The foot pads of mice were injected with an inflammatory agent, 2,4-dinitrofluorobenzene, to induce swelling and redness. Turmeric extract was found to inhibit generation of superoxide and hydrogen peroxide in cells from these mice significantly more effectively than curcumin, while the turmeric extract and curcumin inhibited hydroxyl radicals equivalently. “The percentage of inhibition in [superoxide] generation with ETE treatment was almost double to that of curcumin treated ones. The ETE also could inhibit [copper chloride]-ascorbate derived hydrogen peroxide generation in murine [mouse] lymphocytes by higher percentage over control; whereas the percentage of inhibition with curcumin treatment was even lower than the alcohol control.” “Thus, ETE is found to be effective antioxidant, at times better than curcumin.”

Photographs of mouse paws showed the results of the delayed hypersensitivity reaction induced by the 2,4-dinitrofluorobenzene. The paws of the animals receiving turmeric extract looked less swollen than those that received curcumin.

The results of this study provide some support for what the authors call “the general belief with Ayurvedic practioners” that a crude extract of turmeric is more effective than the purified compound curcumin in curing human ailments. Of course, the “general belief” of anyone is only anecdotal until supported by hard data.

The authors also note that “it is an age old common practice in India to have oral uptake of 5–10 g of turmeric rhizome with molasses in the morning in empty stomach.” Too bad they didn’t mention what it is that people get or expect to get from this supplementation.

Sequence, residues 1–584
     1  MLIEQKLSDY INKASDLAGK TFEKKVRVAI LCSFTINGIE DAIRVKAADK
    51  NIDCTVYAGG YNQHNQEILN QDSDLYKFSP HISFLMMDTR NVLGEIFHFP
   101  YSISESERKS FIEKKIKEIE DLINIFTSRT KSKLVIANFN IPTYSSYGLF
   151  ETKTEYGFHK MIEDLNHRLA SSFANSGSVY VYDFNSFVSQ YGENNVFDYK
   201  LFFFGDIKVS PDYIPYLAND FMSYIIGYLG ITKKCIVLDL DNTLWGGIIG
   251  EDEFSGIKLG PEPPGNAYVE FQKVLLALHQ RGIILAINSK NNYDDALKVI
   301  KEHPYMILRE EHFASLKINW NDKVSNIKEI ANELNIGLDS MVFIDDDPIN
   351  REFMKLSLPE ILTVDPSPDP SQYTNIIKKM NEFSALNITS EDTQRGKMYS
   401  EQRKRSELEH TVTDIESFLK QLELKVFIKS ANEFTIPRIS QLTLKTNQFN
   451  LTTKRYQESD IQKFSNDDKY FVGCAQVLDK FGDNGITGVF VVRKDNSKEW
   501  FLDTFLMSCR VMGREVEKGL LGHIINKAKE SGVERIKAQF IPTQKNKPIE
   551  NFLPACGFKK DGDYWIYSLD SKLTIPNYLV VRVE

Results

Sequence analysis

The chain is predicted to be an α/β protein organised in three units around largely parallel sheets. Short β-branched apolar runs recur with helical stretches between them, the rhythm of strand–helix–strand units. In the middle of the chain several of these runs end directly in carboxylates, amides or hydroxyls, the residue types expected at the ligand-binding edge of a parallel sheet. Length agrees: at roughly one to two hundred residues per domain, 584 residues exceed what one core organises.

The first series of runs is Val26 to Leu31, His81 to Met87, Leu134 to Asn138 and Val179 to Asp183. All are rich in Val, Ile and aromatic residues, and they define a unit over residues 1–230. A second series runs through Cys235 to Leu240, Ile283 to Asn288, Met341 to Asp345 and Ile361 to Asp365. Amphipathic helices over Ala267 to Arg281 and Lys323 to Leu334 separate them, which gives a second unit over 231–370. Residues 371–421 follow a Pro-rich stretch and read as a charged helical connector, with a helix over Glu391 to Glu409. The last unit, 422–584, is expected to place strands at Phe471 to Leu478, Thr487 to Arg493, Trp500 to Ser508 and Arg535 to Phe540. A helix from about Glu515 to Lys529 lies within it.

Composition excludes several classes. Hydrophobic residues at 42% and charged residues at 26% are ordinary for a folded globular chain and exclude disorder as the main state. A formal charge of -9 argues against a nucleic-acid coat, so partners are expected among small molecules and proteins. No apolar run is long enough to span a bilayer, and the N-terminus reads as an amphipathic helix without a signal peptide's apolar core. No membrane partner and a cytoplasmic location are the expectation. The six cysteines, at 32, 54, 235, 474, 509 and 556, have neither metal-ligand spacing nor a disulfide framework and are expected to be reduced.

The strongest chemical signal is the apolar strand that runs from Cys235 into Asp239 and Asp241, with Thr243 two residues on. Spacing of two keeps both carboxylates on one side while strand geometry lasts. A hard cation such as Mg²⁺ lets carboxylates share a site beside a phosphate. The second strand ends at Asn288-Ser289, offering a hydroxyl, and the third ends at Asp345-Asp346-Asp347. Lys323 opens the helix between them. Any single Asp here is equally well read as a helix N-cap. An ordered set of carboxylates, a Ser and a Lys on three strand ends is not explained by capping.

A separate study2 published the same year as the one above reported findings on comparative antioxidant capacities of curcumin and extract of Curcuma longa (turmeric). Because Curcuma longa has a content of 31.9% curcumin and the purity of their curcumin standard was 70%, the authors “normalized the results of antioxidant capacity to the curcumin content.” “The results expressed in this way showed the increased antioxidant activity of curcumin in C. longa extract in comparison to that in the curcumin standard in DPPH- and ABTS-scavenging assays, peroxidation of DOPC liposomes and FRAP assay. These results emphasize the role of synergistic effects of other constituents of C. longa extract on the antioxidant activity of curcumin.

However, the authors note, the curcumin standard they used was only 70% pure, with other curcuminoids in the remaining 30%. Thus, they recalculated the results on the basis of total curcuminoid content and found similar antioxidant results for turmeric extract and the curcumin standard in the ABTS test. What this suggests to us is that pure curcumin (which, unlike the curcumin “standard” used in this study, wouldn’t include other curcuminoids found in turmeric) would be, in the tests as listed above, less effective than turmeric. However, the curcumin standard did have much higher antioxidant activity than the extract in a model of enzymatic lipid peroxidation (LOX catalyzed linoleic acid hydroperoxide formation).

Another paper,3 this one published in 2002, adds to the data by reporting that dietary supplementation with an antioxidant-rich hydroalcoholic extract of the curcuma rhizome (turmeric) in human subjects resulted in a decrease in total blood lipid peroxides as well a decrease in HDL and LDL-lipid peroxidation.